Opinion: Good Sportsmanship Needs to Make a Comeback — and NOT Just in Sports

Jae C. Hong
AP featured image
Los Angeles Lakers fans jump over a small fire as they cheer after the Lakers defeated the Orlando Magic in Game 5 of the NBA basketball finals, in downtown Los Angeles on Sunday, June 14, 2009. (AP Photo/Jae C. Hong)

Josh Holmes’ bio describes him as a former chief of staff for Cocaine Mitch and a political strategist who has previously provided commentary for places like Fox News, like here during the John Bolton “will he or won’t he testify?” moment during the Russian collusion hearings. By all accounts, the guy seems to be an astute political observer, but he might want to stick to his day job, if his latest hot take on sports is any indication.

After the Los Angeles Lakers won the championship over the Miami Heat in Game 6 of the 2020 NBA Finals on Sunday night, Holmes wrote:

“I will never be able to understand players smiling and hugging opponents who beat them after a game. Shake their hands and gtfo the field. Nothing to be happy about.”

Reading that made me sad for him… and anyone else who feels that way. I wanted to help, so wrote:

“It’s the most basic part of good sportsmanship. I learned it while playing basketball in 5th grade. It’s a game, not a war. Also, it’s likely that some of the players know each other as former teammates (either at the pro or college level). You’re happy when your peers do well.”


This sentiment by Holmes leads me to ask a serious question: as a society, have we lost the concept of fair play, or as it’s often called, “good sportsmanship”? Some people might need a refresher course, to be reminded that the “rules” aren’t just for the losers in the contest — you have to be good winners, too.

That certainly wasn’t on display by the Lakers and their fans after the win last night, as images and videos like these show:


But this lapse in good sportsmanship extends far beyond the sports world. Senator Ben Sasse of Nebraska, during today’s first day of confirmation hearings for Supreme Court nominee Amy Coney Barrett, chided his colleagues about the loss of understanding of the concept of “civics,” saying that they must be separated from one’s political stance. They’re, as he deftly explained, “the rules of the road” in a democratic republic like ours. They’re mutually agreed upon rules of play — just like in the game of basketball. If one team decides it wants to move the line that delineates where players must stand to shoot a 3-pointer, what happens next?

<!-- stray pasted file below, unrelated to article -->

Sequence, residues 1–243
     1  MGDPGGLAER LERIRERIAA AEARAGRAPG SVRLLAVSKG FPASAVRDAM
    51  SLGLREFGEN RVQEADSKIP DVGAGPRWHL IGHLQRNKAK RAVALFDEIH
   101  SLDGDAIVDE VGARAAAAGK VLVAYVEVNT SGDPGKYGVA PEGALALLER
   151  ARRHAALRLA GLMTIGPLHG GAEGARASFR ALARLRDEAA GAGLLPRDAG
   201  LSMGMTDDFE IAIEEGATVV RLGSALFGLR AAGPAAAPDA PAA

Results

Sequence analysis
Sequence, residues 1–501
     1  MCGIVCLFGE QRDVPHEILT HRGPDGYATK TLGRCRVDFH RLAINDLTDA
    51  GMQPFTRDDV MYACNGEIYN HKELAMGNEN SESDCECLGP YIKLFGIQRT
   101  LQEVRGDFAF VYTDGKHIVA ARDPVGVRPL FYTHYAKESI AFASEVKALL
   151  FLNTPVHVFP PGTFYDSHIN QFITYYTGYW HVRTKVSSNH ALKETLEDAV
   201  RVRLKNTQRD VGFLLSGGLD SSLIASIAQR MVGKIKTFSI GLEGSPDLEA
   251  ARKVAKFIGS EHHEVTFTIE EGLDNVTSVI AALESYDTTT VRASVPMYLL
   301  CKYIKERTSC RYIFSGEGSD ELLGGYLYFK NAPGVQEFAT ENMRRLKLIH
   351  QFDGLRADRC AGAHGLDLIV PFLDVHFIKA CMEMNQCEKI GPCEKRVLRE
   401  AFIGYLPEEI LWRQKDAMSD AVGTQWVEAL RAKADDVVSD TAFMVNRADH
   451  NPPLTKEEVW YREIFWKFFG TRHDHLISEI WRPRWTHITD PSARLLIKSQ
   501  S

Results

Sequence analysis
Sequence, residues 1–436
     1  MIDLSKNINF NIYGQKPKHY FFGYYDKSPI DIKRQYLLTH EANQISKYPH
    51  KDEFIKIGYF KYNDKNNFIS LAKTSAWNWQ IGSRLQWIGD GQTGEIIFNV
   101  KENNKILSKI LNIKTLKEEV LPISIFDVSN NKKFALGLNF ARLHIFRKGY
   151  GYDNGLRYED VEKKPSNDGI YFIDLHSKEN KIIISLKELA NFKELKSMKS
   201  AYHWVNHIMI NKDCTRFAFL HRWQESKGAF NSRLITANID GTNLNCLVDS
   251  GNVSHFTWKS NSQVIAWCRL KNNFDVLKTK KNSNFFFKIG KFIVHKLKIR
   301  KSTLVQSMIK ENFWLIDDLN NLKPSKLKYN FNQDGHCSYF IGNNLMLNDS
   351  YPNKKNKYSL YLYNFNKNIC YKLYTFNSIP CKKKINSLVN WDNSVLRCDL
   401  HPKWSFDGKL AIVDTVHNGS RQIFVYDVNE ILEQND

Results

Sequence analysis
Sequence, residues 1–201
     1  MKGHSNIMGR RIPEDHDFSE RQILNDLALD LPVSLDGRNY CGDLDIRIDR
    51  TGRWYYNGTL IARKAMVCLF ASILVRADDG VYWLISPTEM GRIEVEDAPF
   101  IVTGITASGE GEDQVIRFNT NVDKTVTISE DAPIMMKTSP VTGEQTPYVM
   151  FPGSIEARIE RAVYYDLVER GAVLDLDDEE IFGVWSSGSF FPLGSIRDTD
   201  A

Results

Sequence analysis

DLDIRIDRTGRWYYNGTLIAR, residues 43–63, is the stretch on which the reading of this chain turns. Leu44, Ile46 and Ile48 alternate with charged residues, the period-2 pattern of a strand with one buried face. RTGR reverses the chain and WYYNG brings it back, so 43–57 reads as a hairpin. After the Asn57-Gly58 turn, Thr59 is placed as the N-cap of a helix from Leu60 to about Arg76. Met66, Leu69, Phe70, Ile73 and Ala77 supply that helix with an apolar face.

A 2019 ESPN piece shared an excerpt from their NBA analyst Kirk Goldsberry’s book “SprawlBall: A Visual Tour of the New Era of the NBA,” which asked, “What if every team in the NBA could draw the 3-point line wherever they wanted?…What if every season each NBA team delineated its own 3-point line based on the strengths and weaknesses of its roster?”

Not to get too far into the weeds, the piece notes that basketball is unlike every other major sport:

Ever since the inception of the sport, basketball courts have been the same shape with equal dimensions no matter what city you played in. This consistency separates the sport from baseball and soccer, which both have different dimensions in different arenas.


But that is exactly what someone like Senate Minority Leader Chuck Schumer is suggesting, when he says he and his fellow Democrats are going to keep the committee from reaching a quorum. And he wants the all-but-assured, future Justice Barrett to recuse herself from any case involving either the election in 20 days’ time or President Donald Trump.

As this commenter wrote, it’s :

“How to Play in the Same Sandbox” Lesson 1, page 1.

I think he nailed it, don’t you?


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